The annual State of the Word session by Matt covers the latest updates on the platform – usage, coming updates and new features from the past year and other valuable stats so that WordPress experts could see their place on the map and see if there are any business decisions to be taken for the next few months (or a year).
The platform/application direction makes sense for the next level of growth for the WordPress platform. Matt had a great slide for the structure and architecture of WordPress as a framework for building various components and extend in the future:
The Release Cycle Problem
The guys at WPwatercooler mentioned the release cycles issue in their session today. The short story is: plans are for WordPress to be automatically updated just as Chrome and Firefox are for the past 1-2 years so that backwards compatibility could be avoided and latest security updates would be applied automatically to all users around the world.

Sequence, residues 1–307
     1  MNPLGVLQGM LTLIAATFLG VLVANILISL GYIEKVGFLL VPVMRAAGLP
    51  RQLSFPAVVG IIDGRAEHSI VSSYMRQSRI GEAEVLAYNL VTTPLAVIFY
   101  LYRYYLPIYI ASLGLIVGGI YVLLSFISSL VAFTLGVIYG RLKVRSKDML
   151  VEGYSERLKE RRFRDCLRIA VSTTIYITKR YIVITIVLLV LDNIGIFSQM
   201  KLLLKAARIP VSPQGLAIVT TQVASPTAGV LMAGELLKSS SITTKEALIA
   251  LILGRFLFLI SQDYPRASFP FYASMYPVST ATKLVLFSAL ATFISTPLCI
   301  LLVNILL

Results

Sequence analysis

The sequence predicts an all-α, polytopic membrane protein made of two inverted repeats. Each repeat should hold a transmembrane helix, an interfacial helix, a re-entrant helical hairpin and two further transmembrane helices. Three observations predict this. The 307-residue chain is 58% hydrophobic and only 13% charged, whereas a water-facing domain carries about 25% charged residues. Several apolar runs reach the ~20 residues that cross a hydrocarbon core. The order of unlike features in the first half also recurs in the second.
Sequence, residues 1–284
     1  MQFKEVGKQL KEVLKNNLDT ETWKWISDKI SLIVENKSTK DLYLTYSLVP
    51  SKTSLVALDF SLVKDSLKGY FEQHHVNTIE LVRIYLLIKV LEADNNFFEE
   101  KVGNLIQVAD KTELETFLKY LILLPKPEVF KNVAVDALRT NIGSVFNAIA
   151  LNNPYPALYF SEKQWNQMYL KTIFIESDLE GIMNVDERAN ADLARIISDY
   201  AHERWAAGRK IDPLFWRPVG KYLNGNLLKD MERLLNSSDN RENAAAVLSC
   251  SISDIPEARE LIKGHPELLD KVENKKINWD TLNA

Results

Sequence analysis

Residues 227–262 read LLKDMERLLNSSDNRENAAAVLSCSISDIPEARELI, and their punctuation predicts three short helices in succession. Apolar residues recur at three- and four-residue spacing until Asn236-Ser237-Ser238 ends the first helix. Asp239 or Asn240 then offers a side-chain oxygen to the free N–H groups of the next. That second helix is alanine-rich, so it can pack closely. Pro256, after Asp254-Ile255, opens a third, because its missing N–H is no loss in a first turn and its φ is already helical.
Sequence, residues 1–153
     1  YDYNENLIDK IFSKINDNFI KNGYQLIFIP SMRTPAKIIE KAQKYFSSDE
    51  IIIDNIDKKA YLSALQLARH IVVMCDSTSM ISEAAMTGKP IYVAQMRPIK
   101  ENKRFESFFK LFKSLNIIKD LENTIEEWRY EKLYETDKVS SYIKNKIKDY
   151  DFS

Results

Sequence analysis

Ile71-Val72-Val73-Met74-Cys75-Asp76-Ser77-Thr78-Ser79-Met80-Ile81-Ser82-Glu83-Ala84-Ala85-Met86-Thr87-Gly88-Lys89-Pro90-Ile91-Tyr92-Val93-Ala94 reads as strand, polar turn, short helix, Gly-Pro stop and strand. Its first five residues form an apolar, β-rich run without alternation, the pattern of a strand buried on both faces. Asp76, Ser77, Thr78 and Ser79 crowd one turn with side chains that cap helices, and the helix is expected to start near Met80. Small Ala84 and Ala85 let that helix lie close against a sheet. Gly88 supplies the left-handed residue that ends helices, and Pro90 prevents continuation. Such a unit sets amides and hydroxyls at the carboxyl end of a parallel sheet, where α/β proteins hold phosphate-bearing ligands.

I like the idea, but there are two essential problems with it: the intensive plan for quick major updates for WordPress and the maintainability of themes and plugins for WordPress for every single major version. More often than not themes and plugins work just fine, but larger plugins normally reuse functionality from various Core aspects, fully relying on it, and maintenance is quite problematic. Professional themes should also work on latest WordPress and provide a proper presentation of all features out there. This however takes months of work, updates for new versions might be applied and tested for weeks and having 2-3 month release cycles could actually annoy a number of users and ruin various businesses.